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2009’s Washingtonians of the Year: Ana Lopez

Helping girls see a better future

Photograph by Chris Leaman

Ana Lopez knows about the low expectations faced by many young Latinas. She was born in Silver Spring and lived in this area until middle school, when her parents moved back to Puerto Rico. They moved to Orlando when Lopez was in high school.

Even though she had a 4.0 grade-point average, the school insisted she be tested for the English as a Second Language Program. When she told her guidance counselor she wanted to go to Vanderbilt, the counselor asked her what her “realistic” choice was. “I wanted to wave my Vanderbilt acceptance letter in her face,” Lopez says.

She often tells her story to girls in the Community Bridges program she heads in Silver Spring. In just a few years, the organization has grown from serving 75 girls in three schools to working with almost 400 in 16 schools. The Jump Start Girls program serves elementary- and middle-schoolers.

These girls discount themselves because so little is often expected of them. They often talk about becoming maids or working in service industries because that’s what their parents do. Community Bridges works to give them the confidence and skills to become exceptional students, healthy women, community leaders.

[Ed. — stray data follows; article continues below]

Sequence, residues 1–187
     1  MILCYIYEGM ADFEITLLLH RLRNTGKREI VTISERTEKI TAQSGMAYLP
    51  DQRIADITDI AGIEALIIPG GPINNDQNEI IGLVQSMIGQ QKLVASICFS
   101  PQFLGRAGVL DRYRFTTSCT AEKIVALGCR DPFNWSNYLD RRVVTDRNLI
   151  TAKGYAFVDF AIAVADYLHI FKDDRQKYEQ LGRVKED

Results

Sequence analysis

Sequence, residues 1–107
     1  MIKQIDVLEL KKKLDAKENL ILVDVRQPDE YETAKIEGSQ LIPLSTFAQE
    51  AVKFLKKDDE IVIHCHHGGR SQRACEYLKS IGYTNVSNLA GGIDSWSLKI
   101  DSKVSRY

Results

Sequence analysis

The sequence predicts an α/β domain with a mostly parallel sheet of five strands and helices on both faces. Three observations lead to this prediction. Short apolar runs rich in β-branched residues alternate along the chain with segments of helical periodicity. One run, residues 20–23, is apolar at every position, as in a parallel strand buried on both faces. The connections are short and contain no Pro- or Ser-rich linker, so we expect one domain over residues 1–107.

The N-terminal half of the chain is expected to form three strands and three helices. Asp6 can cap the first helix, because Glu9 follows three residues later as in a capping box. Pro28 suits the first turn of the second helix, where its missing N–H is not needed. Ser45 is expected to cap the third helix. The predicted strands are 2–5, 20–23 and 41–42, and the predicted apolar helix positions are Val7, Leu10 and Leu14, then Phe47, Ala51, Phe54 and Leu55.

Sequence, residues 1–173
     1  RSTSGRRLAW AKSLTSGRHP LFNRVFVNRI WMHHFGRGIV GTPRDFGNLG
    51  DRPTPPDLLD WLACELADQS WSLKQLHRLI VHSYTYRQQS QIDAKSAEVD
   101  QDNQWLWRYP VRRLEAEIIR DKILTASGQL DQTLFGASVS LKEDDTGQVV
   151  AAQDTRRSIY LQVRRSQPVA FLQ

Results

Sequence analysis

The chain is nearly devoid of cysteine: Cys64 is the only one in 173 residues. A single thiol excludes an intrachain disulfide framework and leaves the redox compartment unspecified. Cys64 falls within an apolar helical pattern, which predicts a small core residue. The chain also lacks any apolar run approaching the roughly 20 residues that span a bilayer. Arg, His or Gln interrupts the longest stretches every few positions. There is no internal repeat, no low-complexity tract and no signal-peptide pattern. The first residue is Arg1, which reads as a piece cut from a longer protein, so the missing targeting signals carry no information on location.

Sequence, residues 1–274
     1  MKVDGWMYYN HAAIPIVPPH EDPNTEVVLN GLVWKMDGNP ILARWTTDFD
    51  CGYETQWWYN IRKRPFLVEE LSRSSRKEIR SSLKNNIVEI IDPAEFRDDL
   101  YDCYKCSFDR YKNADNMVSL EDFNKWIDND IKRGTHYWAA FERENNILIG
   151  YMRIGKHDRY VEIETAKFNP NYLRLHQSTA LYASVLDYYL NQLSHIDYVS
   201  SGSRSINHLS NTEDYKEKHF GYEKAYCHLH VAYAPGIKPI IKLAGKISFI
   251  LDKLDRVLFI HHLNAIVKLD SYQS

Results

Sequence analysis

The program LUNA (Luchando Unidas con Nuestras Amigas) helps recently arrived Latinas in middle school adapt to their new community while preserving their heritage. In Dream Catchers, eighth-graders are matched with role models. Another program—Glow! Young Women Leading the Way—allows high-schoolers to explore their identities and expand their horizons. Community Bridges also has a summer camp, which started by focusing on the outdoors and now involves girls in community service.

In Lopez’s first year at Community Bridges, an elementary-school girl was suspended for bringing a knife to school. It turned out she was trying to scare a bully who was threatening her. She also had problems at home—her father had gone to jail and her mother was about to be evicted.

“We gave her a lot of attention,” Lopez says. Before long, the girl said, “I wouldn’t miss a day of Jump Start for the world.” She was able to confront the bully armed not with a knife but with new confidence and self-worth.

Lopez feels she always had a special advantage: “I come from a family of strong, fiery women who, despite disadvantages, always believed they could succeed.”

Now she’s a strong, fiery woman for a new generation of girls. 

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